Other attractions at the mega military expo include battle games, paintball, laser tag, and a tech zone with robot battles and virtual reality fights.


Saudi and US forces train in weapons of mass destruction crisis management

The Saudi Armed Forces and the US forces continue the Prevention Shield-3 exercise. (Saudi Ministry of Defense)
The Saudi Armed Forces and the US forces continue the Prevention Shield-3 exercise. (Saudi Ministry of Defense)
Updated 54 min 15 sec ago

Saudi and US forces train in weapons of mass destruction crisis management

The Saudi Armed Forces and the US forces continue the Prevention Shield-3 exercise. (Saudi Ministry of Defense)
  • Royal Saudi Naval Forces launched a mixed bilateral naval exercise with their Egyptian counterparts

RIYADH: The Saudi Armed Forces continued a joint exercise with US forces to train and plan for the management of crises resulting from weapons of mass destruction, the Kingdom’s defense ministry said on Sunday.
Several government agencies also participated in the “Prevention Shield-3” exercise, which began several days ago.
Col. Bader bin Saad Al-Theban, the spokesman for the exercise, said that the first phase of the drill was successfully carried out under the supervision of the general supervisor of the exercise, Maj. Gen. Khalid bin Saeed Abu Qais. 
He said several seminars, workshops and lectures were held on protection from weapons of mass destruction, and commanders and staff were trained in planning to manage crises.
Al-Theban added that the second phase of the exercise started on Sunday and a number of tasks and practical hypotheses have been implemented, such as warning, disinfection, reconnaissance, exposure to a ballistic missile attack loaded with a chemical agent, pollution of surrounding areas and casualties, which requires rapid intervention.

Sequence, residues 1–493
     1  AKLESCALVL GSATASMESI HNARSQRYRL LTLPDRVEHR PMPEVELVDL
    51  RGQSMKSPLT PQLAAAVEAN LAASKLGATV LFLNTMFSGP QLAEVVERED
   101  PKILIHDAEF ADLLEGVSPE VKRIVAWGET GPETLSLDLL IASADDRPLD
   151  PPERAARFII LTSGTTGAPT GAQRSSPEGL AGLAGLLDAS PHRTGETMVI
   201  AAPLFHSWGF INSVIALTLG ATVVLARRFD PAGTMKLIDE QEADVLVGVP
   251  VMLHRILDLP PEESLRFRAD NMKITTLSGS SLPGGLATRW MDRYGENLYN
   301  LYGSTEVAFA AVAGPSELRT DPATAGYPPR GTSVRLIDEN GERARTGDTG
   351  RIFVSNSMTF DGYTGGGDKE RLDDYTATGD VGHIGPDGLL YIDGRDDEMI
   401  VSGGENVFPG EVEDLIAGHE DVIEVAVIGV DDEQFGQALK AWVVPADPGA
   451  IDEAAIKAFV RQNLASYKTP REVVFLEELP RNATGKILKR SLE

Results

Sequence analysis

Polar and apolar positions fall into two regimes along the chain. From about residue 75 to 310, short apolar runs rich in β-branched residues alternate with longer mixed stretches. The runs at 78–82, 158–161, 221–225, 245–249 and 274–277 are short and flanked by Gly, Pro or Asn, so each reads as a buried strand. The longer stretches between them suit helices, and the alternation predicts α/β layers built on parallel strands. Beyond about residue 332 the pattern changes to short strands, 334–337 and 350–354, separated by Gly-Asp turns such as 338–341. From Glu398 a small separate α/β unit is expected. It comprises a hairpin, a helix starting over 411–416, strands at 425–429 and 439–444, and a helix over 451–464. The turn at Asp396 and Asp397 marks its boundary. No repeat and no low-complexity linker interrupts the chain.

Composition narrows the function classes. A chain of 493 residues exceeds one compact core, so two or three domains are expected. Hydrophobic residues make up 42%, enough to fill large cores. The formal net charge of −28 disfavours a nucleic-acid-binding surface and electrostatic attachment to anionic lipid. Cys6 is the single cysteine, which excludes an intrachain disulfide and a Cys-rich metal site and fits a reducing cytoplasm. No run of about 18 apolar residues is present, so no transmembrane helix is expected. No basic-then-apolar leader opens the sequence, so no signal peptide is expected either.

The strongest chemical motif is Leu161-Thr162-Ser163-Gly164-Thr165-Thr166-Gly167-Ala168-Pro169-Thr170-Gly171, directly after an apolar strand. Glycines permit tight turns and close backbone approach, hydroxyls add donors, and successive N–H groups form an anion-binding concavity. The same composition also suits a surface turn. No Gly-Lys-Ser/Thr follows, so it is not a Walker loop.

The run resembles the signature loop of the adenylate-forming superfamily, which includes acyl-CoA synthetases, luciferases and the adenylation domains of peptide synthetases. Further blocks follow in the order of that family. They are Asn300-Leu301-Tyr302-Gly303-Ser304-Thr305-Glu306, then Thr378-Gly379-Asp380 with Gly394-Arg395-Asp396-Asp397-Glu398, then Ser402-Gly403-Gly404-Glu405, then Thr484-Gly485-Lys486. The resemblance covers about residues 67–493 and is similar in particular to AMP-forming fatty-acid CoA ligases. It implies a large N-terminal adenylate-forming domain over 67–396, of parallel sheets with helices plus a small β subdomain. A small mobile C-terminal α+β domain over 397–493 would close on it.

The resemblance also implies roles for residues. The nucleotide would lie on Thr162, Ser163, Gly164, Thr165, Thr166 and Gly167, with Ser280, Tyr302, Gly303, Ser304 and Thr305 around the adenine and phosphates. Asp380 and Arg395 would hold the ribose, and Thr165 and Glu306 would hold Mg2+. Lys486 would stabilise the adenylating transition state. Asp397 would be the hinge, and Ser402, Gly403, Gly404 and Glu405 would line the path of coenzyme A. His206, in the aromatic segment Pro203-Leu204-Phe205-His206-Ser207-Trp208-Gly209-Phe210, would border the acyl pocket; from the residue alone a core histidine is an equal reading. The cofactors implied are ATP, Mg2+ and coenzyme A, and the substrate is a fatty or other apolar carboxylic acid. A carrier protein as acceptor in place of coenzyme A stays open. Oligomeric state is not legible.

He thanked all the participants in the exercise from the US forces, branches of the Saudi armed forces, the Ministry of Health, Civil Defense and the Saudi Red Crescent for their efforts to make the exercise a success.
Meanwhile, the Royal Saudi Naval Forces launched a mixed bilateral naval exercise with their Egyptian counterparts at King Faisal Naval Base in the Western Fleet.
Rear Admiral Yahya bin Mohammed Al-Asiri, the commander of the Western Fleet, said that the “Morjan 17” exercise aims to strengthen relations and joint cooperation, and raise the level of combat readiness and preparedness between both countries’ naval forces.
It also aims to unify operational concepts between the two sides to confront regional threats, and exchange expertise in methods and ways of implementing naval missions. It also contributes to developing unit crews in naval wars and special forces missions to protect the maritime safety, regional and international waterways and freedom of navigation in the Red Sea, he added.
The exercise is an extension of a series of previous joint exercises between the two countries, and includes many maneuvers that enhance maritime security measures in the region.


International e-learning conference starts in Riyadh

International e-learning Center in Riyadh. (SPA)
International e-learning Center in Riyadh. (SPA)
Updated 24 January 2022

International e-learning conference starts in Riyadh

International e-learning Center in Riyadh. (SPA)
  • The minister said the conference contributed to achieving national objectives in human capability development in view of the support provided by the Saudi leadership to the e-learning and training sector